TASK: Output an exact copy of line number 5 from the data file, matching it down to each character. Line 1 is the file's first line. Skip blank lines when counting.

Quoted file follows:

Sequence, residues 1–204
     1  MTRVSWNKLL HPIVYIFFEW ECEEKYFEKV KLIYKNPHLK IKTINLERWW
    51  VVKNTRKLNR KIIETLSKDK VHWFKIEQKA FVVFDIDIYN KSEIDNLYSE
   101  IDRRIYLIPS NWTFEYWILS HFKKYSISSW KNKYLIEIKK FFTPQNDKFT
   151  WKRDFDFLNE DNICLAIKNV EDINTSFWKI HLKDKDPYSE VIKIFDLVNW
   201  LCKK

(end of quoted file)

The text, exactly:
   151  WKRDFDFLNE DNICLAIKNV EDINTSFWKI HLKDKDPYSE VIKIFDLVNW